Whitehead continues the African-American artists' inquiry into race mythology and history with rousing audacity and razor-sharp ingenuity; he is now assuredly a writer of the first rank.

Pub Date: Sept. 13, 2016

ISBN: 978-0-385-53703-2

Page Count: 320

Publisher: Doubleday

Review Posted Online: April 13, 2016

Kirkus Reviews Issue: May 1, 2016

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Doerr captures the sights and sounds of wartime and focuses, refreshingly, on the innate goodness of his major characters.

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ALL THE LIGHT WE CANNOT SEE

Doerr presents us with two intricate stories, both of which take place during World War II; late in the novel, inevitably, they intersect.

In August 1944, Marie-Laure LeBlanc is a blind 16-year-old living in the walled port city of Saint-Malo in Brittany and hoping to escape the effects of Allied bombing. D-Day took place two months earlier, and Cherbourg, Caen and Rennes have already been liberated. She’s taken refuge in this city with her great-uncle Etienne, at first a fairly frightening figure to her. Marie-Laure’s father was a locksmith and craftsman who made scale models of cities that Marie-Laure studied so she could travel around on her own. He also crafted clever and intricate boxes, within which treasures could be hidden. Parallel to the story of Marie-Laure we meet Werner and Jutta Pfennig, a brother and sister, both orphans who have been raised in the Children’s House outside Essen, in Germany. Through flashbacks we learn that Werner had been a curious and bright child who developed an obsession with radio transmitters and receivers, both in their infancies during this period. Eventually, Werner goes to a select technical school and then, at 18, into the Wehrmacht, where his technical aptitudes are recognized and he’s put on a team trying to track down illegal radio transmissions. Etienne and Marie-Laure are responsible for some of these transmissions, but Werner is intrigued since what she’s broadcasting is innocent—she shares her passion for Jules Verne by reading aloud 20,000 Leagues Under the Sea. A further subplot involves Marie-Laure’s father’s having hidden a valuable diamond, one being tracked down by Reinhold von Rumpel, a relentless German sergeant-major.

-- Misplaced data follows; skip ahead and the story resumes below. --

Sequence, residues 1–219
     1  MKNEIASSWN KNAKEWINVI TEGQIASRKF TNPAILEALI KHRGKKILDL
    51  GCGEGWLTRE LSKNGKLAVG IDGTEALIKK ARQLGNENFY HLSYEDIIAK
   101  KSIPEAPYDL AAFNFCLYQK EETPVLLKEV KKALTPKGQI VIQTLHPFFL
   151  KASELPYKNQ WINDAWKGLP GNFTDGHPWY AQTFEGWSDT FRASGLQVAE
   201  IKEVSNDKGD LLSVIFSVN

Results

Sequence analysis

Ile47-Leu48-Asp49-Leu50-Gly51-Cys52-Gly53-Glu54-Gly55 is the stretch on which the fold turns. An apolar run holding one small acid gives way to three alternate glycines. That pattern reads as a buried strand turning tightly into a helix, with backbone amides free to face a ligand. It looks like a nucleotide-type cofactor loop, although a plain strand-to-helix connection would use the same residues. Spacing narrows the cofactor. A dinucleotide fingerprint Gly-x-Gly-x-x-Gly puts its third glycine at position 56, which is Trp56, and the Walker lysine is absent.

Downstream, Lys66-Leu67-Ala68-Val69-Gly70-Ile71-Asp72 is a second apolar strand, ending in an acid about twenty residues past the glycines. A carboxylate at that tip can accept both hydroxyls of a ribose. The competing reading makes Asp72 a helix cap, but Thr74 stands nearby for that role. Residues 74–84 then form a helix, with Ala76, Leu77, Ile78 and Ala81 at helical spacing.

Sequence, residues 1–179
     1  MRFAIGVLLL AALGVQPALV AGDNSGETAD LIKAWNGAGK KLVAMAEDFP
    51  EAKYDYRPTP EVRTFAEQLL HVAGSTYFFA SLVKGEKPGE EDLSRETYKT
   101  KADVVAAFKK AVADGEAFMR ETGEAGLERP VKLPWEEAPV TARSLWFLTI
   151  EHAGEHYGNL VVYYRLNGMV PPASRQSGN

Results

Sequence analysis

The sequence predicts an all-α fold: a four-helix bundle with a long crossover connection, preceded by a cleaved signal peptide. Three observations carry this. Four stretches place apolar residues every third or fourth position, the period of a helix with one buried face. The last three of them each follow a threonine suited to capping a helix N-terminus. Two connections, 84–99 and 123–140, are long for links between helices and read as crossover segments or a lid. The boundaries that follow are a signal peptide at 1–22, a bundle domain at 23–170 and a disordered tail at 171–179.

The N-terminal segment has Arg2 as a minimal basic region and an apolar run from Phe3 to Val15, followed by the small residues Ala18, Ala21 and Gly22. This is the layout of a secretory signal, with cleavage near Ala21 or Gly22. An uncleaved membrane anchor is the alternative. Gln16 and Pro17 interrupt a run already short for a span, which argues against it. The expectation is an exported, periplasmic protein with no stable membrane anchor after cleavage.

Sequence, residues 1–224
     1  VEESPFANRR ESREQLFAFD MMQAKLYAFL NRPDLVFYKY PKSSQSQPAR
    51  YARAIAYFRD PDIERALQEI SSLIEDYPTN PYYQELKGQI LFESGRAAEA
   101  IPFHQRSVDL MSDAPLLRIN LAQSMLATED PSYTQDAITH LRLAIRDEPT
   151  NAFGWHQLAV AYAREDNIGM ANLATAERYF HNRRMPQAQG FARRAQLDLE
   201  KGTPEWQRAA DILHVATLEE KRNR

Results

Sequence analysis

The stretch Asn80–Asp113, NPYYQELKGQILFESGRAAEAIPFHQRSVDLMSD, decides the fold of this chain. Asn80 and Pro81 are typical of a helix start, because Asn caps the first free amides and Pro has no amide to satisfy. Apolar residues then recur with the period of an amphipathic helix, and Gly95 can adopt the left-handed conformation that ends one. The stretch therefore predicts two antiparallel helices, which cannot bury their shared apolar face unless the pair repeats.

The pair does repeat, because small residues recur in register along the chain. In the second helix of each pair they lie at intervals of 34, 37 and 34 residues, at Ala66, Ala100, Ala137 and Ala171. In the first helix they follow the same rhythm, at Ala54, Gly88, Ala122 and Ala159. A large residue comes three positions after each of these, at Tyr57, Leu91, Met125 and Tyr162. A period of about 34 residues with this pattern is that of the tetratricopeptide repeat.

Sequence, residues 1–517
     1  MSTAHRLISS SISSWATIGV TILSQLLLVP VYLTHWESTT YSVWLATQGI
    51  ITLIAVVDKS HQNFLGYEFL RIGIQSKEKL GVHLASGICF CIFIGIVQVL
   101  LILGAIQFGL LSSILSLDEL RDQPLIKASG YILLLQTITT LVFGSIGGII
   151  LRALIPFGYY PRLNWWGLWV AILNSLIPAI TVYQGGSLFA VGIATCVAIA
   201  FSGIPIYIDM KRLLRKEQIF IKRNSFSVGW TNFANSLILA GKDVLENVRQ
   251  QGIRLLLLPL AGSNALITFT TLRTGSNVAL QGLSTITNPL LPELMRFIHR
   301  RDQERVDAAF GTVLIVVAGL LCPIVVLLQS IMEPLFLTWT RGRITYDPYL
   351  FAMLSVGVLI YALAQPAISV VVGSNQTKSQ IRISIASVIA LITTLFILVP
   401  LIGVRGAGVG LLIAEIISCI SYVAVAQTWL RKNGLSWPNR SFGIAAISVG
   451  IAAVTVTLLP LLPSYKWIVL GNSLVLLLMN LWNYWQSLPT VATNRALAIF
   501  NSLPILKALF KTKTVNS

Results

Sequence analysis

Doerr captures the sights and sounds of wartime and focuses, refreshingly, on the innate goodness of his major characters.

Pub Date: May 6, 2014

ISBN: 978-1-4767-4658-6

Page Count: 448

Publisher: Scribner

Review Posted Online: March 6, 2014

Kirkus Reviews Issue: March 15, 2014